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Old 10-18-2010, 01:54 PM   #1
Robert J Berkowitz
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Is Bread Paleo?

http://news.discovery.com/archaeolog...mkcpgn=rssnws1 (WFS)

Well, maybe cattail flour crackers might be!
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Old 10-18-2010, 02:09 PM   #2
Meghan Reid
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Re: Is Bread Paleo?

If the only bread people ate was made of flour that they hand-ground from wild grasses and mixed with water, I feel like our general issue with overconsumption of processed carbs would be moot.
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Old 10-18-2010, 02:23 PM   #3
Rebecca Roth
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Re: Is Bread Paleo?

Woo, I'm going to head straight down to my local market for some cattails and moonworts! </sarcasm>
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Old 10-18-2010, 03:00 PM   #4
Veronica Carpenter
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Re: Is Bread Paleo?

Hmm, I'll bet that paleo bread tastes nothing like Wonderbread. :-/
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Old 10-18-2010, 09:43 PM   #5
Spencer James
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Re: Is Bread Paleo?

Quote:
Originally Posted by Meghan Waldeck View Post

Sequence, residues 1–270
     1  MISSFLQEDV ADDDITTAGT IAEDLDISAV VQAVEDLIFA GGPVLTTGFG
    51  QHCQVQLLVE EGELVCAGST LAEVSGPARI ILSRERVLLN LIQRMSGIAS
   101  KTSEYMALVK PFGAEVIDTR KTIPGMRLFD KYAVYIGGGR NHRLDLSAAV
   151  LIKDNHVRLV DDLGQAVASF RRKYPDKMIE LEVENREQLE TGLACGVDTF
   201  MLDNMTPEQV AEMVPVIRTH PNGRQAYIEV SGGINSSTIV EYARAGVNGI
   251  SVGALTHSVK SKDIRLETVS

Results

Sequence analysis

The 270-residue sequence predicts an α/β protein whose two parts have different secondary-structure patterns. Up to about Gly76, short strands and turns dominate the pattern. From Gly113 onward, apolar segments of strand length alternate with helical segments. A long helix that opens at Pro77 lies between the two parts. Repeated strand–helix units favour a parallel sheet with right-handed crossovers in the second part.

If the only bread people ate was made of flour that they hand-ground from wild grasses and mixed with water, I feel like our general issue with overconsumption of processed carbs would be moot.
I love this point. I remember this story from when I was a child --http://en.wikipedia.org/wiki/The_Little_Red_Hen (definitely WFS, haha). It has definitely crossed my mind a number of times as I've started to eat mostly paleo:
Quote:
Plot summary

In the tale, the little red hen finds a grain of wheat, and asks for help from the other farmyard animals to plant it. However, no animal will volunteer to help her.

At each further stage (harvest, threshing, milling the wheat into flour, and baking the flour into bread), the hen again asks for help from the other animals, but again she gets no assistance.

Finally, the hen has completed her task, and asks who will help her eat the bread. This time, all the previous non-participants eagerly volunteer. However, she declines their help, stating that no one aided her in the preparation work, and eats it with her chicks, leaving none for anyone else.

In other versions sometimes the bread is substituted with a cake, and is also said from that day forward when the red hen worked on food, she found volunteers and thus this time shared with all those who aided her.

The moral of the story is that those who show no will to contribute to an end product do not deserve to enjoy the end product, or "if a man does not work, let him not eat."

Last edited by Spencer James : 10-18-2010 at 09:45 PM.
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Old 10-19-2010, 06:44 AM   #6
Allen Tluczek
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Re: Is Bread Paleo?

Found the same article on Wired, Here (WFS)

If lizards can do it(WFS) in thirty years, I don't get the argument that humans couldn't have done it in 30,000.
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Old 10-19-2010, 07:02 AM   #7
Shane Skowron
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Re: Is Bread Paleo?